From Romanus Ugwu, Abuja
The Director-General, All Progressives Congress (APC), Progressive Governors Forum (PGF), Salihu Moh. Lukman, has discredited the Transparency International (TI) 2020 report of Corruption Perception Index (CPI) rating of Nigeria.
In a statement he issued in Abuja, titled; ‘Politicising anti-corruption campaign in Nigeria’, he argued that the rating was not a true reflection of the anti-corruption fight by the present administration.
The PGF DG further argued that the report is a poor attempt to politicise the fight against corruption largely, adding that it completely ignored all the empirical cases that should have provide objective indicators for the performance of government.
Lukman also claimed that the rating was basically more of a political campaign for 2023 elections, quipped that Nigerians, including local leaders of civil society groups and their international partners, are free to make their political choices and decisions.
“In every respect, it is very difficult to reconcile the CPI 2020 report with most of the report about the performance of Nigerian government 2020. Take the case of the Bloomberg report of June 23, 2020, which reported that Nigerian government rules out request for relief in its debt service payment at a time when virtually most African countries were negotiating relief.
“Nigeria’s Finance Minister, Zainab Ahmed was reported to have told Bloomberg that ‘Nigeria is not planning to ask for debt repayment deferment for our commercial loans or for our bilateral loans from our bilateral creditors’. A number of these would have been impossible under a corrupt government.
Rather, all we will be having would have been excuses why no development has taken place in 2020, especially given the contraction of the economy under Covid-19 reality.
“While it is important to stress that no government can be perfect and no government can successfully eliminate corruption, the CPI 2020 report on Nigeria present a very bad approach to engage the Nigerian government in the fight against corruption. It is a poor attempt to politicise the fight against corruption largely because it completely ignores all the empirical cases that should have provide objective indicators for the performance of Nigerian government.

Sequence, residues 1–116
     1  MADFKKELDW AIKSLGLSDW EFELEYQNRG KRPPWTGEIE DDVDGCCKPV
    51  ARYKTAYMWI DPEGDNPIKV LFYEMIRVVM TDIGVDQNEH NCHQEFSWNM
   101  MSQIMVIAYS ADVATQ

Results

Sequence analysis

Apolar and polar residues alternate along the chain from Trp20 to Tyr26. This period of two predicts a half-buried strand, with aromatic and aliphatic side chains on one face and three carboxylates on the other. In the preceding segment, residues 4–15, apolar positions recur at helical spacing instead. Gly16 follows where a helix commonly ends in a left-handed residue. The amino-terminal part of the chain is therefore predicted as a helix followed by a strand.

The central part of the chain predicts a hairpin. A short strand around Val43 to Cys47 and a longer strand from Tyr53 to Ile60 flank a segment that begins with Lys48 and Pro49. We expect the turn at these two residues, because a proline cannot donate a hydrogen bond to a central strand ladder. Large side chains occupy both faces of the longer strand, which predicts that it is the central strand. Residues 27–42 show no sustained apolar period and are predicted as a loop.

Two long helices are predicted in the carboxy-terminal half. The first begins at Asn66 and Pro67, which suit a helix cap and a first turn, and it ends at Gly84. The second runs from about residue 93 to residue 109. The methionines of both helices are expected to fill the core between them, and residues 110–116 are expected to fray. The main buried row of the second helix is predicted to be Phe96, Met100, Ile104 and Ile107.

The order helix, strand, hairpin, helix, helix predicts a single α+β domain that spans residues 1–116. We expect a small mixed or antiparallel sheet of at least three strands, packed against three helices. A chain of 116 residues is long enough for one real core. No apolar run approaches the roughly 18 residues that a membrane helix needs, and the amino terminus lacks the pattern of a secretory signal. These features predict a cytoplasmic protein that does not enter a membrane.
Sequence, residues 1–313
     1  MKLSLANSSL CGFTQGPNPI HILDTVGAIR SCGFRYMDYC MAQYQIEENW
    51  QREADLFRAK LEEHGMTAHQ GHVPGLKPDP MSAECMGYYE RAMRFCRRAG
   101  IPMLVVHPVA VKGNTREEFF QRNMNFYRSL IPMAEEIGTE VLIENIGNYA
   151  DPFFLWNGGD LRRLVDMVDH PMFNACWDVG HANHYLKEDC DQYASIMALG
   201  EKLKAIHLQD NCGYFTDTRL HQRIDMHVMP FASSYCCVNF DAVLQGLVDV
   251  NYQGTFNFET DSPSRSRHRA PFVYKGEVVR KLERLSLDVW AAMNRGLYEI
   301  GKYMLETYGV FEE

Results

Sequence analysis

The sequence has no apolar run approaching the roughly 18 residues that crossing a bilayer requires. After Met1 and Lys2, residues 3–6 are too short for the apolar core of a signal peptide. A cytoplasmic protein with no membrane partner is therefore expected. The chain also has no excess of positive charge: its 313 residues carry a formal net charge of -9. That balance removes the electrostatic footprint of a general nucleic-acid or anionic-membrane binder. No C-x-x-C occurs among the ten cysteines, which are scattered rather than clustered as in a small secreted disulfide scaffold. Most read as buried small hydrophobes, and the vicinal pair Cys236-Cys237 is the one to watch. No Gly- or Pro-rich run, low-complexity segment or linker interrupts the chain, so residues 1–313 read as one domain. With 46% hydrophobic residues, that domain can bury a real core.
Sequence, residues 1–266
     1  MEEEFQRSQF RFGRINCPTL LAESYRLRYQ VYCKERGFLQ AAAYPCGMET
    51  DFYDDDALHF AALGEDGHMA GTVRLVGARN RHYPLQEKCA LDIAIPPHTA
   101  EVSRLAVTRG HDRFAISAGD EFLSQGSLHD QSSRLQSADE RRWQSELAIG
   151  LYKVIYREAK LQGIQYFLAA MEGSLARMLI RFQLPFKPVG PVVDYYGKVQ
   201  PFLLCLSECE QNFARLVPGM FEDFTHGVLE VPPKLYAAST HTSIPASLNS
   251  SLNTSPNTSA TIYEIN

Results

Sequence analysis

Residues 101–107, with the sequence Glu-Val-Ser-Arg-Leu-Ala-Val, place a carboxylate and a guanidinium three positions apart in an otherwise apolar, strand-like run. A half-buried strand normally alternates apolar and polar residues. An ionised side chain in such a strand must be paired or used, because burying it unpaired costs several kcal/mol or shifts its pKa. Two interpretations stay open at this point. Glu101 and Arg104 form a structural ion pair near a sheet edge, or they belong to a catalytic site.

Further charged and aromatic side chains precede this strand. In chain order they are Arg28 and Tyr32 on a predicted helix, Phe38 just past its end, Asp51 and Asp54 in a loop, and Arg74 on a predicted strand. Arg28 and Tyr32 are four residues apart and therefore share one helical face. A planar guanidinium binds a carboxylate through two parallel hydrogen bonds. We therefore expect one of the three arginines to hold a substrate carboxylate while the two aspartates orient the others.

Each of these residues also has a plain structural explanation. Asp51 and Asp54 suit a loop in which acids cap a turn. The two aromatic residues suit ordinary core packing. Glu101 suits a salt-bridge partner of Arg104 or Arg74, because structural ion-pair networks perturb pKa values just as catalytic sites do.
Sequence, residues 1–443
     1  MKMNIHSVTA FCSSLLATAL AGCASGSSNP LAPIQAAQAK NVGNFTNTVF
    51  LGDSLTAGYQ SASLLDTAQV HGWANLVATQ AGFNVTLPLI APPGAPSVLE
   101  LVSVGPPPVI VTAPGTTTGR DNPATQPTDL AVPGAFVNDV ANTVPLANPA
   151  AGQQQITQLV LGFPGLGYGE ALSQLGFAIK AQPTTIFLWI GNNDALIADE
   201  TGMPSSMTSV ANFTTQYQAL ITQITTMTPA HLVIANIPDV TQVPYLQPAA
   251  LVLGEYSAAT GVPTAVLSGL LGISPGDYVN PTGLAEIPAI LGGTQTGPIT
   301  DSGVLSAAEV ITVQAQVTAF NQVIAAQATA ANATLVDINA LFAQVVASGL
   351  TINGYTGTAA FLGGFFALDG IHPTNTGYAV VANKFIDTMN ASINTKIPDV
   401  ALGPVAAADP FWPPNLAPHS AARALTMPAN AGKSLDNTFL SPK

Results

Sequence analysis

“Beyond politics is also the funding reality, which has made Nigerian civil society groups to be very aggressive in legitimising the CPI 2020 report in Nigeria,” he noted.
Reacting further, Lukman wrote: “The challenge to Nigerian civil society groups and patriots is really to rise above cheap smear campaigns based on perceptions and sentiments. Corruption is not a theoretical issue. It is a very practical challenge. It is beyond the perception of anyone. Where perception is to be our guide, we should be able to confirm it with evidence of reality. If TI can conveniently rely on perception, any serious Nigerian organisation should be able to corroborate perception with empirical cases of corruption.
“If one is to interpret the Nigeria CPI 2020 report, the conclusion is that the current government of APC under the leadership of President Muhammadu Buhari has lost the fight against corruption. For us to be able to fight against corruption, based on the ‘perception by Nigerian businesses and country experts’, there has to be a change of government. This is the underlying narrative in the CPI report.
“It is basically more of a political campaign, if you like for 2023. Nigerians, including local leaders of civil society groups and their international partners are free to make their political choices and decisions. But they should be transparent about it.
“It must not be a case of shadowboxing Nigerian citizens and forcing them to kowtow political choices fraudulently contrived because Nigerian citizens are committed to the fight against corruption!” Lukman noted in the statement.